How To Network
When You Suck At Networking
My partner is great at networking. He’ll walk into a room and seamlessly float in and out of conversations with anyone and everyone. I don’t understand how he does it so easily. Just like he doesn’t understand why I struggle with it so much. It seems to be something that people have, or they don’t.
That said, I have made some incredible friendships from pulling up my socks and going to networking events. I’ve also had conversations with people that lead to valuable opportunities. Unfortunately sometimes the only way you’re going to get those things is by sucking it up, and going to a hideously awkward networking event.
So, here’s some tips, from one awkward person to another, that might help make networking just a tiny bit less painful.
SO MUCH EASIER SAID THAT DONE. But try to keep in mind you’re not trying to defuse a bomb; you’re just talking to people. Though my psychologist once explained why socialising can feel like a life or death situation; because people need people to survive. Hundreds of years ago if we were rejected by our people we’d be eaten by lions and tigers and bears (oh my). So sometimes the less evolved parts of our brain think that rejection leads to actual death.
So deep breaths and try to remember that nobody has ever died from awkward conversations with strangers at networking events… probably.
I’m sorry that is such a cliche, but being you is the easiest thing for you to do. Being someone else is bloody hard to maintain. It’s exhausting. Networking is hard enough without pretending to be someone you’re not. Remember; You don’t have to be universally appealing. Not everyone has to like you (that should be my mantra. I want everyone to like me.) The most important thing is finding your people. So if you’re loud, be loud. If you are shy, be shy. If you make awkward jokes that nobody else gets, keep doing that until you find the people who get you. Because those are the connections you actually want.
Skim The Perimeter
I feel like this is the kind of thing that people who are good at networking would advise against. They’re all “Just walk confidently into the middle of the room and start introducing yourself!” (Like it’s THAT easy!) But I’ve found the great benefit of being a bit of a wallflower is generally the people you’ll meet on the outskirts of the room are also somewhat shy and reserved. And I feel more at ease talking to the people who are just as nervous as I am.
Also, I’ve noticed the people who organised the event tend to stand back and observe. And if networking is important to you, the people who organise networking events are very good connections to have.
Take Time Out
Ready for another piece of networking advice that will probably make people who are good at networking cringe?… If you’re feeling completely overwhelmed, and you’re just standing there awkwardly with nobody to talk to, and it’s all a bit too much… Take out your phone. Turn it on. Look at it. Check your emails. Check Facebook. Stare at it blankly – it doesn’t really matter. Just look busy for a couple minutes so nobody talks to you. Take a few deep breaths. Then put your phone away and get back into it.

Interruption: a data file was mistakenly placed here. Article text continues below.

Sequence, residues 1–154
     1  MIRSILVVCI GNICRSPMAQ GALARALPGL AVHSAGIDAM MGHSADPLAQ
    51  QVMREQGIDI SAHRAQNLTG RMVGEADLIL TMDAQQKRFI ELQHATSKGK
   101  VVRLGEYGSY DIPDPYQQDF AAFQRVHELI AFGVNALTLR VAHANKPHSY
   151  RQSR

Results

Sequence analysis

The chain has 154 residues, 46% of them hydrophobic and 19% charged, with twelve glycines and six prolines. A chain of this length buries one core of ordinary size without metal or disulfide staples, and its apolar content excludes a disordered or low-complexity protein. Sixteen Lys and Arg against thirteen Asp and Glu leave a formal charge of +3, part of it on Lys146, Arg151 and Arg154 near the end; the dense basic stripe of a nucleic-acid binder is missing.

Most people like talking about themselves. Questions can be super simple like “What do you do?” “Where are you from?” “Do you have kids?” (I’m often at networking things specifically for parenting bloggers, so asking about kids is usually a gold mine for conversation!)
And if you’re asking them questions, then they’re doing talking! That means you don’t have to! WINNING!
Though I recently read an article that said when you meet people don’t ask more than three questions in a row unless they’ve asked you a question back. Because if you keep continuously asking them question it feels a little like an interrogation. Maybe they’re not feeling it. Maybe they hate networking too and they’re freaking out. If they’re not giving you anything in return just politely back out of the conversation.
Allow Plenty Of Time After The Event
Honestly I think the best “networking” happens after the official event is over. So try not to be in a position where you have to rush off the moment it ends. If at all possible set aside an extra hour or two so you’re available to pop out of a coffee, drink, meal – whatever – with people from the event. It’s also way more fun than actual networking. It can be great just to calm down and soothe your soul with a casual chat (and a glass of wine) once the pressure of networking is over.
Are you a networking expert or awkward AF?